Jamie Bartlett, the author of The Dark Net, has written a new book titled Radicals. It comes at a pivotal time in UK politics. A time when new ideas feel like they’re becoming inevitable and change, in one form or another, seems certain.
As the Conservative Party attempts to drag us back to the past, Bartlett’s book looks at the people who are reaching for the future. The radicals. The people who seem like they’re on the fringes now, but may one day be remembered as the crest of a building wave.
Bartlett writes in the prologue:
By the time I finished this book in early 2017, the difference between ‘radical’ and ‘mainstream’ was less clear than when I started.
Undoubtedly, he feels like the difference has shifted even further since then.
Continue reading below...
Bartlett immerses himself with several different groups. Some you may know or agree with. Some you may be ignorant of or find repellent. But he gives all of them a fair hearing, and may even make you look at the people you oppose in a new light.
The radicals you’ll meet include:
- Transhumanists on a quest to create humanity 2.0+.
- Right-wing street movements seeking an Islam-free Europe and political legitimacy.
- Psychedelic pioneers on a path to potential enlightenment.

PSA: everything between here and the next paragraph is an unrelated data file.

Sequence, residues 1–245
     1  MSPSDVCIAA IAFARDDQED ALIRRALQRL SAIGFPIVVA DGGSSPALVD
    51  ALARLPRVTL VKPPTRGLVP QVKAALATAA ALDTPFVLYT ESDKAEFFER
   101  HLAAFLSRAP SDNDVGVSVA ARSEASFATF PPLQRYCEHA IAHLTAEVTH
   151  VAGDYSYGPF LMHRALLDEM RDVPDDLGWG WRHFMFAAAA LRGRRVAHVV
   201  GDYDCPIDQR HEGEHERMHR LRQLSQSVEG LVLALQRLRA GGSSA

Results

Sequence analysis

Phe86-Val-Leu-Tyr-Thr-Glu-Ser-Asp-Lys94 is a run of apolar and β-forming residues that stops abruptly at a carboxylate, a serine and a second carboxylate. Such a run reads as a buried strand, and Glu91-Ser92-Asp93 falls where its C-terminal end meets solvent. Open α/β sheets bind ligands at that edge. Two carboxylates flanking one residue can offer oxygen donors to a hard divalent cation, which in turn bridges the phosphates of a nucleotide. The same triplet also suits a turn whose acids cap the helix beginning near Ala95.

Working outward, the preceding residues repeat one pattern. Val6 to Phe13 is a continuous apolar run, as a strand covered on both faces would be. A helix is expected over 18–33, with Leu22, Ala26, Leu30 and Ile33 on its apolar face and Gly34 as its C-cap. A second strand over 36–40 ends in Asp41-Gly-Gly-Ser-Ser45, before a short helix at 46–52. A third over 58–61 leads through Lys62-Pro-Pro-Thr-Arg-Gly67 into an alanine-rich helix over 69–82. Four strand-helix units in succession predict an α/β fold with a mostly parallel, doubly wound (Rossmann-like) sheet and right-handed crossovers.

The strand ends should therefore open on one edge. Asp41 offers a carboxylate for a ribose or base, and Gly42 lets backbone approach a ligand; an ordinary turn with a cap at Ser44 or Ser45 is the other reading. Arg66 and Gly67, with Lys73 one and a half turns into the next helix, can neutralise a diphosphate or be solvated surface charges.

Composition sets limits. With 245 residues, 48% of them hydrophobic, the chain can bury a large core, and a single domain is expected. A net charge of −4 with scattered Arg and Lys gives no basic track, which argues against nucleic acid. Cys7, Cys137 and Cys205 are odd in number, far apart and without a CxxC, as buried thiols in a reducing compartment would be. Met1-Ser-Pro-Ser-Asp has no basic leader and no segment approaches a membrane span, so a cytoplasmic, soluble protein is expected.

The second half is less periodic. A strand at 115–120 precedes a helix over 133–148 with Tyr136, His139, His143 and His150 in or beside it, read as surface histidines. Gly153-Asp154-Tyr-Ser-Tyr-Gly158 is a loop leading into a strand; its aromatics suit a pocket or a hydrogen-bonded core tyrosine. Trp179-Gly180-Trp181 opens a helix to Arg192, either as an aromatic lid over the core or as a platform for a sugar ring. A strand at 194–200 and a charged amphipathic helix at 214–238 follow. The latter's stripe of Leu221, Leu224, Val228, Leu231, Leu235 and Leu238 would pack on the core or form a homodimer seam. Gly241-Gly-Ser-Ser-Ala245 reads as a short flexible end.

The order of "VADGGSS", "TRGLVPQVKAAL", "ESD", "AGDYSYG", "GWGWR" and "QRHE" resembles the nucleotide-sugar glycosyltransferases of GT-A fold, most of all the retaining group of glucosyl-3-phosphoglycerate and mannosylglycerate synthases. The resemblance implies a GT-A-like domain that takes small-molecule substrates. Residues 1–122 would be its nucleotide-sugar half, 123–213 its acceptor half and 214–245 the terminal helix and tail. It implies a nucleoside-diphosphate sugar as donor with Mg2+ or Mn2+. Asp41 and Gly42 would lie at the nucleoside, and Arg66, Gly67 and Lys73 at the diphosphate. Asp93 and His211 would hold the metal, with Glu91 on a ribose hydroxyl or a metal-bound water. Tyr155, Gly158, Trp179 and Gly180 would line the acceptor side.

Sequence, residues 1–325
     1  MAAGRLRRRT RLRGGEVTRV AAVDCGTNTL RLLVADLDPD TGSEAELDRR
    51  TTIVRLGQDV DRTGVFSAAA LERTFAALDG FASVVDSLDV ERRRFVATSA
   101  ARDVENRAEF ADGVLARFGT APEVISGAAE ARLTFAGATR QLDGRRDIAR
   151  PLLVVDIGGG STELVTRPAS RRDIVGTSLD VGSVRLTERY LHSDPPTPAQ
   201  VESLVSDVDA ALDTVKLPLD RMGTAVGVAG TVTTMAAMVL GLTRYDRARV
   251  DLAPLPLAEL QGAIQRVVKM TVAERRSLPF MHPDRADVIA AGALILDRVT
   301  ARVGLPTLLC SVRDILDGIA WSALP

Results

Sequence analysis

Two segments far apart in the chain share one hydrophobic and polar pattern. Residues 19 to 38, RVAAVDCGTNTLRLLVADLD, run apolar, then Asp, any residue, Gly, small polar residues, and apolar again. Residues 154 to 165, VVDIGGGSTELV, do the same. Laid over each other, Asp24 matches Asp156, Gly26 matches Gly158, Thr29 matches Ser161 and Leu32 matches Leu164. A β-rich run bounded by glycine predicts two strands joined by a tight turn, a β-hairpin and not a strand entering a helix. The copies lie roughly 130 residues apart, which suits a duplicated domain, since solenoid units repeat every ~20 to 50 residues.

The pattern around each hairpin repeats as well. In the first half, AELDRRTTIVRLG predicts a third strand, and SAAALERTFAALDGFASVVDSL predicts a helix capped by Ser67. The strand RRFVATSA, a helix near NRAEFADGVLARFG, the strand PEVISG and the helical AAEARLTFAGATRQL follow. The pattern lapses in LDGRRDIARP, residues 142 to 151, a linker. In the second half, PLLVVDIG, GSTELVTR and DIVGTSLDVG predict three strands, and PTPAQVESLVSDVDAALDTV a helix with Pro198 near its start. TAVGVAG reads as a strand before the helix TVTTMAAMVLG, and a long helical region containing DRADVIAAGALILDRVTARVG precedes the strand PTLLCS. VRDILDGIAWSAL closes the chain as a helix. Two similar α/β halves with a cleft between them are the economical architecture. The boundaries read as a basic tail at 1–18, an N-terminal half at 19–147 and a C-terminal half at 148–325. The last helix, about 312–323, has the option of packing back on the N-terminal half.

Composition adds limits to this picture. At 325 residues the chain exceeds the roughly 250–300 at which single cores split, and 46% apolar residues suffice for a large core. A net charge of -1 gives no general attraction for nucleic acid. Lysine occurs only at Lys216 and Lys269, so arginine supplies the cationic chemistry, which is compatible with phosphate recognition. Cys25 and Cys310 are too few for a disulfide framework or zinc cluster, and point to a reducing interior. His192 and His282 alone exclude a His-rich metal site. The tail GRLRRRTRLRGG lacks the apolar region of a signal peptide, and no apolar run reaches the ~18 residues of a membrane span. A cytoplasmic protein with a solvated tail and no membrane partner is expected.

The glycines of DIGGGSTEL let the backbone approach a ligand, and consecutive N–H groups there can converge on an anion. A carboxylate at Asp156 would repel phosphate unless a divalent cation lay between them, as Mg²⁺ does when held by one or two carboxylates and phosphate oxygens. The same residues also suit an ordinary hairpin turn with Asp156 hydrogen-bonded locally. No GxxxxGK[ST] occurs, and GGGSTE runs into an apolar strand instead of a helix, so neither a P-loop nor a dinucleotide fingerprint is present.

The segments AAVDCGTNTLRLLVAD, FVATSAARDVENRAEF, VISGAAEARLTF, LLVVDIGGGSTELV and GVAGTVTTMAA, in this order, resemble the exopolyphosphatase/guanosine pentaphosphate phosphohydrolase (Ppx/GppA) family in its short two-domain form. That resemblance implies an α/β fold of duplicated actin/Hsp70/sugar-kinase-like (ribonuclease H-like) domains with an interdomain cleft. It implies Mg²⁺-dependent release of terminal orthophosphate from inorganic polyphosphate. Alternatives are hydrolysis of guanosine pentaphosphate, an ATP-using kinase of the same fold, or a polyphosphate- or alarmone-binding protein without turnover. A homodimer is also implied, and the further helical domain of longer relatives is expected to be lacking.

- An internet-launched political movement that’s already far down the road to success.
- Commune dwellers treading a path between self-sustaining tech and psycho-babble pseudoscience.
- Climate activists struggling to save humanity from itself.
- A rag-tag band of disparate libertarians trying to create the world’s newest nation on a disputed patch of wasteland.
Each chapter gives a good oversight while also asking valuable questions for people on the left. Questions like how can we combat groups like the EDL without alienating their largely working class members? Or how can environmentalists get their message across if they’re failing to attract activists from the broadest cross-section of the UK population?
You may not always agree with Bartlett’s ideas. But it is important to analyse other people’s politics and to self-assess our own. Radicals gives ample opportunity to do both.
Bartlett offers hopeful words for those who are railing against the stagnant consensuses of the modern world:
Today’s radicals are not all pioneers, idealists, brave heroes, and not all (if any) will one day be seen in the same light as John Stuart Mill, or Marx. But neither are they all fundamentalists or fools. Because they reject common wisdoms, radicals are routinely misrepresented or ignored by the media, and their ideas are dismissed. But, for better or for worse, the lesson of history is that today’s radicals often become tomorrow’s mainstream.
People who’ve been supporting radical UK politics for the past few years will understand what it feels like to be dismissed. Bartlett takes a different approach to what he calls the “timid mainstream” and tries to actually understand these new ideas. And if we want to stay radical, that’s an approach that’s vital for all of us.
– Radicals is available here.
– You can also follow Bartlett on Twitter.
Featured image via Wikimedia
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